Styrian Freedom Party (FPÖ) chief Gerhard Kurzmann will be in court later this year for putting "Moschee ba ba" (Bye, bye mosque) online ahead of last year’s provincial election... Prosecutors in Graz accuse the councillor of agitation against ethnic and religious minorities by backing the internet shooter game.
Players have to click on mosques and praying muezzins to make them disappear in the game which was taken offline after the Greens informed the police and state prosecutors. The FPÖ was initially tight-lipped over whether it produced "Moschee ba ba" before it emerged that a Swiss political strategist created the game for the right-wing party. The FPÖ argued muezzins were not shot in the game. The party said it intended to start a debate over a growing ‘Islamisation’ of Austria.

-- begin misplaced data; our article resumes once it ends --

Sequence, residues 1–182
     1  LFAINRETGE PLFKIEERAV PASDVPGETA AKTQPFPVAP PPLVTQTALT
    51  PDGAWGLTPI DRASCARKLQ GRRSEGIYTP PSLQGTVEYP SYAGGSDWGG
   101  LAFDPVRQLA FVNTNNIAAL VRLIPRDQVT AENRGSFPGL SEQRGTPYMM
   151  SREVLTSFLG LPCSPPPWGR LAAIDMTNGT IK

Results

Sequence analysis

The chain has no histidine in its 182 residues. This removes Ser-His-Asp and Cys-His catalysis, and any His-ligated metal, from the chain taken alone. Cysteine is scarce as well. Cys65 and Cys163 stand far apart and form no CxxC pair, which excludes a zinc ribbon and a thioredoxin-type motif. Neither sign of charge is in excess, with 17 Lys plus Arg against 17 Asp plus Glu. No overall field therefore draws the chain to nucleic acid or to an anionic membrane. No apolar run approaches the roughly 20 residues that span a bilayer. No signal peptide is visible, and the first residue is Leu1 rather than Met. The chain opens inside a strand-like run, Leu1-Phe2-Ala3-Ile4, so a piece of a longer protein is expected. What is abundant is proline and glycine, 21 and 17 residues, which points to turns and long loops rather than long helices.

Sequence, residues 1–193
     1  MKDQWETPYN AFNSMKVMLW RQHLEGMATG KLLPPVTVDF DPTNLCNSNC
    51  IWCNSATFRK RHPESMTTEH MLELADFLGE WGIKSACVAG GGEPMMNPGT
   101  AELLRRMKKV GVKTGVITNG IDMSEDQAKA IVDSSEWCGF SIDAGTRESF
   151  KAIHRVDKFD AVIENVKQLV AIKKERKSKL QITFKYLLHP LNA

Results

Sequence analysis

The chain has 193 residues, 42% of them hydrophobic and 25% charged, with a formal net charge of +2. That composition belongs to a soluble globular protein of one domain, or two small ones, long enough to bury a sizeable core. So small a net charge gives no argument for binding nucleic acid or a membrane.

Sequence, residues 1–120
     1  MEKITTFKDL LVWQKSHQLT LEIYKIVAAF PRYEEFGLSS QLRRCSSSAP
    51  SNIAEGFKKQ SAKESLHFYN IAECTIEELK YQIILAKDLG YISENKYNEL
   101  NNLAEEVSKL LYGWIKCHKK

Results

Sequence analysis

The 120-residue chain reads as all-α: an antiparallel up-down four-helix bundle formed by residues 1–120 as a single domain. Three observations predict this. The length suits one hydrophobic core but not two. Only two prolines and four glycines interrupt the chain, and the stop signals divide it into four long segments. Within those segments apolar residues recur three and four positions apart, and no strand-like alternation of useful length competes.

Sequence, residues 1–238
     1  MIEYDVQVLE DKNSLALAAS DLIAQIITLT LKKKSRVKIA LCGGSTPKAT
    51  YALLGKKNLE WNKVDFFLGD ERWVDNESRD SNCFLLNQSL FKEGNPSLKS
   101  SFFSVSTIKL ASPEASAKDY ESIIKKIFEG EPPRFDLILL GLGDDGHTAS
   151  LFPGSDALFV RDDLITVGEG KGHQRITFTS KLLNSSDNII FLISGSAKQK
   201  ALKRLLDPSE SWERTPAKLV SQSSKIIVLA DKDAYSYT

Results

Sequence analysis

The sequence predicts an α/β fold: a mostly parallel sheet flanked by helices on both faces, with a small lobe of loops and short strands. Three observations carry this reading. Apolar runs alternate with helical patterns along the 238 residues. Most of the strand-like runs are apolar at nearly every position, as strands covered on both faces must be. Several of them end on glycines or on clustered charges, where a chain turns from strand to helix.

The FPÖ campaigned against more mosques featuring minarets in the Styrian ballot and other votes in the past years. The party said Austrians struggling in the credit crunch must come first. It called for a stop of immigration and a law which ensures no more mosques will be erected in Austria. There are hundreds of mosques, houses of prayers and Islamic community centres in Austria but just three mosques which have minarets. None of those three are situated in Styria. Muslims in the province have no plans to build any new mosques in the region in the foreseeable future. The debate about the issue and the disputed shooter game helped the FPÖ to bag 10.7 per cent of votes, up from 4.6 per cent in 2005.
...It is not the first time that the Styrian department of the right-wing party makes headlines with anti-Islamic actions. Susanne Winter had to step down as head of the FPÖ’s branch in the provincial capital Graz in 2008 after claiming that prophet Mohammed would be considered as a child molester nowadays. She also said that he wrote the Koran "during epileptic fits." Winter was given a three-month suspended jail term.
Banning books that some segment of the population could find offensive?
This is the inevitable result of 'thought-crime' legislation, which is why our First Amendment is so precious.